If I'm going to switch it now to the paint throw, we can get a sense of how this works. I'm just going to press space bar and play it from this point onward. Once again, you can see the refraction and the reflection of light, which is going to give you a very convincing result. Now you don't need to stop here. You can actually animate all of those values in order to create something which looks more convincing. And in order to show you an example of this, I'm going to delete this adjustment layer with the caustics effect, and I'm going to switch off the visibility of those shy layers that I have over here.
One of them is another adjustment layer that I named caustics, and I've already applied the caustics effect with some key frames for the wave height. Then, I'm going to set it to use the fabric texture. I'm going to go to the beginning. And remember that this time, we are also taking under account the effects and masks. So in this case, if I'm going to take a look at the fabric, we can see that I've applied the fast box blur to it so it will be a little bit more softer in terms of the displacement.
I'm going to put it at full screen by pressing on the tilde key and play the result for you. Very, very nice. Alright, let's test the other guy. I'm going to escape out of full screen. And then let's switch our water surface to this paint throw. Once again, go to the beginning. Let's switch to full screen and see how this is working.
This is so amazing and so believable. I really, really love this result. Let's see something which is more useful, I think. I'm going to switch to this composition where I have this action of my brother who is touching some invisible wall, trying to displace it I guess. Oh, there's another point over here. Let's give it something to push. So I've already created this wave action. I'm going to double-click in order for you to see what I have over here.
I'm going to switch off this adjustment layer. So what we have here is a couple of radio waves effect which are exactly at the same place where Yuval is touching the screen. So we have two at the beginning and then another one over here. And then on top of this, I applied an adjustment layer with the turbulent displace effect, which is going to create this distorted waves. And by the way, I've just left the default values over here. Didn't play with them so much.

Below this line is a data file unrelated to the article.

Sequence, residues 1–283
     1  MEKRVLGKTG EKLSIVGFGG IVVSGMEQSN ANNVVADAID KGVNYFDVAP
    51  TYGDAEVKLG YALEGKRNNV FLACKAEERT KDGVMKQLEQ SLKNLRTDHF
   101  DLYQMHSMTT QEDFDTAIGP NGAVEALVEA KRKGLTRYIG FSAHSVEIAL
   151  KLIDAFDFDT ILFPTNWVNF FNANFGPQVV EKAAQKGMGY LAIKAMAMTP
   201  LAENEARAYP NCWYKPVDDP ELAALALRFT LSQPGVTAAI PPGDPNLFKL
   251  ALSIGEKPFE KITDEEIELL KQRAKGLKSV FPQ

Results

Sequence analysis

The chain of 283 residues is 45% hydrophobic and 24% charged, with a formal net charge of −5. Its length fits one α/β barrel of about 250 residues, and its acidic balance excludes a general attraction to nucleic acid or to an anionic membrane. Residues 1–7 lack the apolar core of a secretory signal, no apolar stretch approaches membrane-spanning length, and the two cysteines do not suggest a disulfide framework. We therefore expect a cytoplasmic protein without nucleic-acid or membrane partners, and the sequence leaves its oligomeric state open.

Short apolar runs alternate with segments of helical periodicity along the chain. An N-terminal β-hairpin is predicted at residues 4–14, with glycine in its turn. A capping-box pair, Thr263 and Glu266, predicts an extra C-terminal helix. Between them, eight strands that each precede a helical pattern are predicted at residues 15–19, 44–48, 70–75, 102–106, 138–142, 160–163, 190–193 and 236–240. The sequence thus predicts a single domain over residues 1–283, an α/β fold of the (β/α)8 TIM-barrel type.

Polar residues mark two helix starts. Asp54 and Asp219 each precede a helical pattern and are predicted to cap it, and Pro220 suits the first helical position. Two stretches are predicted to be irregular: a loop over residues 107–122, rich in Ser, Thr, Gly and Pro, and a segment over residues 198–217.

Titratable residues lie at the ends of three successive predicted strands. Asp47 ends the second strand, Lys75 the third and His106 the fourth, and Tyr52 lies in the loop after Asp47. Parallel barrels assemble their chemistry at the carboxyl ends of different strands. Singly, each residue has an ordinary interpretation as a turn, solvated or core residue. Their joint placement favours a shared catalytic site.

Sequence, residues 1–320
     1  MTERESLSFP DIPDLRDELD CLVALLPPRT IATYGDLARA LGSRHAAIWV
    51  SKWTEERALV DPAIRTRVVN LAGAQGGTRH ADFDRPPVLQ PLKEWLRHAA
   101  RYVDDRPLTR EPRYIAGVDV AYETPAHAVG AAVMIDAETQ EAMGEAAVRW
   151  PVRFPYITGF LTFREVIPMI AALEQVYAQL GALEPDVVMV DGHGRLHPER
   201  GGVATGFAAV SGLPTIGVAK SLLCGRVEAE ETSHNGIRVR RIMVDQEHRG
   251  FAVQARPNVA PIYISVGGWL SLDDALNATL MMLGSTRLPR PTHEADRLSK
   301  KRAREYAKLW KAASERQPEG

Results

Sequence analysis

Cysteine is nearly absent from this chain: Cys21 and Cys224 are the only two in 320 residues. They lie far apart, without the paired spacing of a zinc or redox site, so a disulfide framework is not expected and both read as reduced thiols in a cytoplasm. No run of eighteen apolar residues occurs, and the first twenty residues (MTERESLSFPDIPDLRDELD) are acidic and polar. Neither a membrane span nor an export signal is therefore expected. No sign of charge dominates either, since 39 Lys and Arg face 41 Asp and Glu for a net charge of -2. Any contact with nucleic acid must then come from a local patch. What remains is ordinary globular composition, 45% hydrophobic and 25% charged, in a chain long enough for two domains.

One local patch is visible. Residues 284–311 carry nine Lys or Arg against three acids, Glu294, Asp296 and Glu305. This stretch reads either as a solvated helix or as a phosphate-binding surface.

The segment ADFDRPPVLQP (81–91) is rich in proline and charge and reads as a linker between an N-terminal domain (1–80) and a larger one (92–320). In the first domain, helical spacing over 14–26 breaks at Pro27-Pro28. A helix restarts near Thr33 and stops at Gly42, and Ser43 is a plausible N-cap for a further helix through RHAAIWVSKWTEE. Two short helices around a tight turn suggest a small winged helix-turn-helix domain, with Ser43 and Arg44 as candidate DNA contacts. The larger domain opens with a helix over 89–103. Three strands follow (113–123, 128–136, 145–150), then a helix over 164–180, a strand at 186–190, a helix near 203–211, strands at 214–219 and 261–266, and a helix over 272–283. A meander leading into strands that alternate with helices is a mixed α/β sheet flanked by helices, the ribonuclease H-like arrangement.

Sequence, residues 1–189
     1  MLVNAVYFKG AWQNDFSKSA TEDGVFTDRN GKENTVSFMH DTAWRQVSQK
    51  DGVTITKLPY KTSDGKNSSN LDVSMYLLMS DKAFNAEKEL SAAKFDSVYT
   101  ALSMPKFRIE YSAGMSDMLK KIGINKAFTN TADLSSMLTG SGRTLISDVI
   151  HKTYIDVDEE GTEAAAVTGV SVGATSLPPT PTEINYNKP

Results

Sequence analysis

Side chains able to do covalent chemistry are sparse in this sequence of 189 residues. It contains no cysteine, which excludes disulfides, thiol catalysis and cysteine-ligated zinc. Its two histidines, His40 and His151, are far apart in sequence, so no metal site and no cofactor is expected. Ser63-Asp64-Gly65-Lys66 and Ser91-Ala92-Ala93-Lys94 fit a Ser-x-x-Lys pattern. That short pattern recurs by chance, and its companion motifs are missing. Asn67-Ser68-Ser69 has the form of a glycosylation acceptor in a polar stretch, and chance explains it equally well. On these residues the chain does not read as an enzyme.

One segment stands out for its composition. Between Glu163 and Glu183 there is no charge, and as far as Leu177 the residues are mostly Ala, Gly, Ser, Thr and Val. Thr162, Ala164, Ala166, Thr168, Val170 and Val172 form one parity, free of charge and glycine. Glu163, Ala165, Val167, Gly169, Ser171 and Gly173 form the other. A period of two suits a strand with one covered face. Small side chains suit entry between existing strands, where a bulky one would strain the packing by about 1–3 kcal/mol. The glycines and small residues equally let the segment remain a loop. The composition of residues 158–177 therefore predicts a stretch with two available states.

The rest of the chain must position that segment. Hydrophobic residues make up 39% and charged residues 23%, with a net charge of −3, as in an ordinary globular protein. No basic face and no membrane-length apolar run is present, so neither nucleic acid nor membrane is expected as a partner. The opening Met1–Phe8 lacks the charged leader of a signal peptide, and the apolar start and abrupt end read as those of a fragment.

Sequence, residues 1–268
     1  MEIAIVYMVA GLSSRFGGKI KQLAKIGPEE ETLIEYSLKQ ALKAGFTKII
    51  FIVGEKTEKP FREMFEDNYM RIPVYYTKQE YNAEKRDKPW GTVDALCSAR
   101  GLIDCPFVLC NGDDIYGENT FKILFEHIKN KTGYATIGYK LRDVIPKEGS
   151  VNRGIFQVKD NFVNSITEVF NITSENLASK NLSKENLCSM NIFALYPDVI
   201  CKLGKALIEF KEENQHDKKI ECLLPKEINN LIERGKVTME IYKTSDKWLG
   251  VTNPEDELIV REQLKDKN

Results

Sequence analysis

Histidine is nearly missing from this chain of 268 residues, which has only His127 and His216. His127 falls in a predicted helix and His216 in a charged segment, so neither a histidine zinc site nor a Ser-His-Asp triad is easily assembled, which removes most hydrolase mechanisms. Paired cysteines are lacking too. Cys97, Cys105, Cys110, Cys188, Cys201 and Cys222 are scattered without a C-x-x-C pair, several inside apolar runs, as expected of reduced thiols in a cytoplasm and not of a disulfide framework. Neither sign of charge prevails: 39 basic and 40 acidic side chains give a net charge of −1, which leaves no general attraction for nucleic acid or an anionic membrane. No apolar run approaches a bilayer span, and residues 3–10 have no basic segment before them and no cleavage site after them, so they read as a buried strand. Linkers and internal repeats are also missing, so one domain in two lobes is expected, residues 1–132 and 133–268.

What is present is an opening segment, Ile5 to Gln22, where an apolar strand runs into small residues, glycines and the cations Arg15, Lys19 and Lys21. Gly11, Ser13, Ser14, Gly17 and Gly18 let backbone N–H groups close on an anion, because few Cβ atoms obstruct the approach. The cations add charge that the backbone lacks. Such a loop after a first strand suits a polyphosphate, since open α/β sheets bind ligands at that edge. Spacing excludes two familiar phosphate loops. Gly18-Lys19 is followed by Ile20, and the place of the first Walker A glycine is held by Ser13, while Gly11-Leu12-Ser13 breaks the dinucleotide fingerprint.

Alright, we are going to use this as a displacement map for the caustics effect. So I'm going to select this layer, Yuval's Act, this is the video file. I've already applied the caustics effect to it. And then I'm going to set the water surface to this wave action composition. And already, you can see how well it performs. Now you can change the wave height, smoothing, water depth, everything that you need. You also have a refracting index, and this is the index of liquid.
So if you want, you can go to Wikipedia and find exactly what is the refractive index of the subject, of the matter that you want to distort. In any case, 1.2 is great for water. So I'm just going to switch to full screen and play for you the result. This time including some sound effects.
So this is how you can use the caustics effect, one of the best displacement tools in After Effects, to create a very realistic lender of water.